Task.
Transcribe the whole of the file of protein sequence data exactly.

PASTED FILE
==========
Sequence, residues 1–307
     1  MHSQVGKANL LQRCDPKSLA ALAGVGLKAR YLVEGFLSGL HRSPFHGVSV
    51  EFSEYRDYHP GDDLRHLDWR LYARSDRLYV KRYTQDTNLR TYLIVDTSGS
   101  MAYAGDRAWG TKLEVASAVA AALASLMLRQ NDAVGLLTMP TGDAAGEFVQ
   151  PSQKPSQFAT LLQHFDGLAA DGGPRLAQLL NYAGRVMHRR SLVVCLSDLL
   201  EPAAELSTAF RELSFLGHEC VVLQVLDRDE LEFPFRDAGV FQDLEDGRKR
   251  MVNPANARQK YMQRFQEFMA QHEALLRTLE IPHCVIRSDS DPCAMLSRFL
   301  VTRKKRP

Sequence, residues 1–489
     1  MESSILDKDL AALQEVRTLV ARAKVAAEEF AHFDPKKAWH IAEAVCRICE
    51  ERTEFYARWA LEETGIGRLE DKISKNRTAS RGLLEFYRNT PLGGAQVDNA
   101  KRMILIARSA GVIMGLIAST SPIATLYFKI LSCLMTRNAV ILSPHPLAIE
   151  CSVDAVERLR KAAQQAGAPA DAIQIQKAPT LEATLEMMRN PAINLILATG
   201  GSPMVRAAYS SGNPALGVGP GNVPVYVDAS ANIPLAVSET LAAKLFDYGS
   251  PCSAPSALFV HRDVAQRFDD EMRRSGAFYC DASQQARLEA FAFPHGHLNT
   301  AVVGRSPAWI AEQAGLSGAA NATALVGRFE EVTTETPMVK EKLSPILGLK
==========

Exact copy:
Sequence, residues 1–307
     1  MHSQVGKANL LQRCDPKSLA ALAGVGLKAR YLVEGFLSGL HRSPFHGVSV
    51  EFSEYRDYHP GDDLRHLDWR LYARSDRLYV KRYTQDTNLR TYLIVDTSGS
   101  MAYAGDRAWG TKLEVASAVA AALASLMLRQ NDAVGLLTMP TGDAAGEFVQ
   151  PSQKPSQFAT LLQHFDGLAA DGGPRLAQLL NYAGRVMHRR SLVVCLSDLL
   201  EPAAELSTAF RELSFLGHEC VVLQVLDRDE LEFPFRDAGV FQDLEDGRKR
   251  MVNPANARQK YMQRFQEFMA QHEALLRTLE IPHCVIRSDS DPCAMLSRFL
   301  VTRKKRP

Sequence, residues 1–489
     1  MESSILDKDL AALQEVRTLV ARAKVAAEEF AHFDPKKAWH IAEAVCRICE
    51  ERTEFYARWA LEETGIGRLE DKISKNRTAS RGLLEFYRNT PLGGAQVDNA
   101  KRMILIARSA GVIMGLIAST SPIATLYFKI LSCLMTRNAV ILSPHPLAIE
   151  CSVDAVERLR KAAQQAGAPA DAIQIQKAPT LEATLEMMRN PAINLILATG
   201  GSPMVRAAYS SGNPALGVGP GNVPVYVDAS ANIPLAVSET LAAKLFDYGS
   251  PCSAPSALFV HRDVAQRFDD EMRRSGAFYC DASQQARLEA FAFPHGHLNT
   301  AVVGRSPAWI AEQAGLSGAA NATALVGRFE EVTTETPMVK EKLSPILGLK